Motion gaming is something that has had highs and lows popularity wise. While most of us know about the likes of the Nintendo Wii and the Kinect sensor that was big in the Xbox 360 years there have been a number of other examples of motion gaming that are a tad less well known and indeed successful. In part one of this two-part feature we’ll cover two pieces of motion gaming hardware and software that are pretty interesting and that may have been overlooked and forgotten about in the passage of time. They are WarioWare: Twisted! and Tony Hawk: Ride.
Hardware and Software: “WarioWare: Twisted!” (2004/2005)
Sometimes Nintendo makes gaming experiences that are unlike anything that came along before. One example would be their WarioWare titles which are essentially, at their core, microgame compilations involving all sorts of bite-sized games which don’t last that long. There is great diversity in terms of the gameplay styles and in the content, with the many microgames having an endearing randomness and, often, a bit of humour. But, although the third entry in the series known as WarioWare: Twisted! was well-received, perceived to be one of the GBA’s best titles and has a fun motion controls aspect, it never made it over to the European market. Gameplay footage seems to show more of what we know the series typically does: quick, small games which cover a broad range of challenges, situations and themes. Sounds good. So, why then would this game never get a European release?
Well, the issue seems to lie somewhere within the product approval side of things. You get the impression had the game had been traditional in the way the controls work, WarioWare: Twisted! could have made it over here as expected without complications. Reliant on the player tilting and twisting their Game Boy Advance in order to play the microgames, the game cartridge has a built in gyro sensor as well as a rumble feature and was in the process of evaluation by a company based in Germany (known as the LGA) but while numerous release dates for European shores were put out there by Nintendo, they were never met with an actual release of the videogame in Europe although Japan and the USA did get the chance to buy the game. Rumours the cartridge had mercury in it were debunked as false, so what could have caused this hold up and the eventual cancellation that ensued?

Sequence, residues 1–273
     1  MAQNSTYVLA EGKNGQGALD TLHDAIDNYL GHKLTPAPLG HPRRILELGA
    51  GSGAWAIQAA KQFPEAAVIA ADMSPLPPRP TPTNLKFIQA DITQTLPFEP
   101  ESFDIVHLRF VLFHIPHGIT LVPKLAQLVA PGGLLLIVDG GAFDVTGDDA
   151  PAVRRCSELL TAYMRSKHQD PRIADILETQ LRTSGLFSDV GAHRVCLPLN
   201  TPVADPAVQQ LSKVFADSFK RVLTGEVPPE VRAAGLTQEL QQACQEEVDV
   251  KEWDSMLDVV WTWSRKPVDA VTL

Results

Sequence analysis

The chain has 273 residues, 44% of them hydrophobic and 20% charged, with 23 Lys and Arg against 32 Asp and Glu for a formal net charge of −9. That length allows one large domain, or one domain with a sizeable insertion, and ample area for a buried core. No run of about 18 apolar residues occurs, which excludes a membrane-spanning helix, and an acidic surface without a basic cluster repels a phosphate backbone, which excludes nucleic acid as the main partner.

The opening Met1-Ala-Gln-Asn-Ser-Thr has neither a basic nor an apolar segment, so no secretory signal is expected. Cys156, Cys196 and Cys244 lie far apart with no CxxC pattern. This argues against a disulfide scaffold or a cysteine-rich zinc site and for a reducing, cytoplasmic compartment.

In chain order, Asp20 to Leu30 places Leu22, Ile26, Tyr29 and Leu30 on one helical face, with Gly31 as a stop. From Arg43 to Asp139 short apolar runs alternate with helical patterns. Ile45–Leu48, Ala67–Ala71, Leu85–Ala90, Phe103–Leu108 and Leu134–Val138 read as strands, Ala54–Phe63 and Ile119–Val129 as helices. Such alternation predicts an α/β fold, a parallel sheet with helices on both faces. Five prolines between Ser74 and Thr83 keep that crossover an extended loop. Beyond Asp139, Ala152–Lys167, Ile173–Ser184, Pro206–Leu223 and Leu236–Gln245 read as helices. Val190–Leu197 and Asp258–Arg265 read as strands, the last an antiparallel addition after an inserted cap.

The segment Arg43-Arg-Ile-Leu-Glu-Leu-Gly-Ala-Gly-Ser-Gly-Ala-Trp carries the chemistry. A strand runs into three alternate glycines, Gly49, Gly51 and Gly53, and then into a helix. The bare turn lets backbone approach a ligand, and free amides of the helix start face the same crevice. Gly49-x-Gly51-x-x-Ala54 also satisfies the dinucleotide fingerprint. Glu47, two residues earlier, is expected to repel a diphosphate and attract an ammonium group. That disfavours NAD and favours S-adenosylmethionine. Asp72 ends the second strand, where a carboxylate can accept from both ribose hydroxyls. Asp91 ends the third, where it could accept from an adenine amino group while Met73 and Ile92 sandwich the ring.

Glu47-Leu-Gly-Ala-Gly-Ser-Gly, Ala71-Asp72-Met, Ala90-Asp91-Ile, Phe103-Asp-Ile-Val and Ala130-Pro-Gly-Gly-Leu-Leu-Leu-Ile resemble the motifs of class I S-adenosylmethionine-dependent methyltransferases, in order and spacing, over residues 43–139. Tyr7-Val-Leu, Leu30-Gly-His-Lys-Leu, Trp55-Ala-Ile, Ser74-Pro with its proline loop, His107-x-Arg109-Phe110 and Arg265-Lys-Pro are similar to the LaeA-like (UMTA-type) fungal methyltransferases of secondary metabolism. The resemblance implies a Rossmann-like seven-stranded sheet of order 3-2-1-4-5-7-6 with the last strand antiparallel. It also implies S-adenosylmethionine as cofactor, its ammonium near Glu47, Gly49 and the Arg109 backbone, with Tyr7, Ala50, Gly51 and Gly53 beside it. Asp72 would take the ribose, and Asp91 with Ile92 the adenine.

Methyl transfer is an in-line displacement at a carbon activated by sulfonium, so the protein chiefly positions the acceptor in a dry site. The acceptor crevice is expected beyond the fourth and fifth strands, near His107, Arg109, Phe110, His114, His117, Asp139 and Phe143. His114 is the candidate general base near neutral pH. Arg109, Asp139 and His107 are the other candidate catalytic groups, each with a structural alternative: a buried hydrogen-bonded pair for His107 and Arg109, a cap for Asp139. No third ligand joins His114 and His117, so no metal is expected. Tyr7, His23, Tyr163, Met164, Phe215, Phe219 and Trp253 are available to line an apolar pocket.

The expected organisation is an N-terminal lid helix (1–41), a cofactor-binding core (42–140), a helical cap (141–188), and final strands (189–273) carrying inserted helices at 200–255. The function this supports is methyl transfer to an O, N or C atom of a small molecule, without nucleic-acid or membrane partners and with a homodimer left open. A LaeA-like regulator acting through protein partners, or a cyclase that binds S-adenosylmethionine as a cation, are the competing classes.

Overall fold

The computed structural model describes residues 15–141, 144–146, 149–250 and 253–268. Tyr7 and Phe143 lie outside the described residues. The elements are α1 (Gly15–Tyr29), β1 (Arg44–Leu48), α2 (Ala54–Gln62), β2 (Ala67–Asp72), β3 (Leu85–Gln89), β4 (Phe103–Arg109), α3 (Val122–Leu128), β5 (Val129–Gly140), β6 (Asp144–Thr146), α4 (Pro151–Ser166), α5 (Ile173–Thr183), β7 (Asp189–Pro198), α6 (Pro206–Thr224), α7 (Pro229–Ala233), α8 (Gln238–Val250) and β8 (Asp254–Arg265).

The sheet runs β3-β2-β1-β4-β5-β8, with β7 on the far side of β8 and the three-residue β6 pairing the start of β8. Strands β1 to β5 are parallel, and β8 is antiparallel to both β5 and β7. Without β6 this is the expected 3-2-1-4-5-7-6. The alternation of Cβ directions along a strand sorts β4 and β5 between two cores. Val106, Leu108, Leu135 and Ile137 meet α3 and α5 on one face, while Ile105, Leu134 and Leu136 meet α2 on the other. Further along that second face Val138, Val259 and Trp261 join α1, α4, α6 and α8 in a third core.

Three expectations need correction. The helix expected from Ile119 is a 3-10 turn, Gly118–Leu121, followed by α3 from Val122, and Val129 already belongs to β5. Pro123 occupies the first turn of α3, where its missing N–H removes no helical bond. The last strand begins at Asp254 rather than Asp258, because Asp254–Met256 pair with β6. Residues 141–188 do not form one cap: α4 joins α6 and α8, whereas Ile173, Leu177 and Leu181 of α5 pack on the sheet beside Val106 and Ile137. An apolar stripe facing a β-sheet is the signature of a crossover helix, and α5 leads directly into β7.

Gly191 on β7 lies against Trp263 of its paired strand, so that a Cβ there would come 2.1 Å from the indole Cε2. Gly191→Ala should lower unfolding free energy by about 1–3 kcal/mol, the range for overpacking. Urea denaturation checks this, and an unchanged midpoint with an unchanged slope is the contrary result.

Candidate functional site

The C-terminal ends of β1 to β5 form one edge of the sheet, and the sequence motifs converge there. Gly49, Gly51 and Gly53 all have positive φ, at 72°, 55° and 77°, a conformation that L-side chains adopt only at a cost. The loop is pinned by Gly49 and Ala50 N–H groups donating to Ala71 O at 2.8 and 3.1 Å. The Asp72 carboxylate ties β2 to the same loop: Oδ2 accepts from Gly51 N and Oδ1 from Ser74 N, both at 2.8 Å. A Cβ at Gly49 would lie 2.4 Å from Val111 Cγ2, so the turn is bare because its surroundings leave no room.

Perhaps the reason lay with a changing gaming market. Demand for Nintendo’s Game Boy Advance faded away as the innovative new DS steals the show and less and less people showed interest in the aging platform. WarioWare: Twisted! was delisted from Nintendo of Europe’s website at the time of the GBA being discontinued in 2008, so perhaps the storming success of the DS was responsible for shrinking the chances of this intriguing and inventive game ever coming to this part of the world down to zero. Still, WarioWare fans will be pleased to know 2018’s WarioWare: Gold on the Nintendo 3DS has at least some challenges from WarioWare: Twisted! in an overall total of 300 microgames, which includes stuff from other games in the series as well alongside all new content too.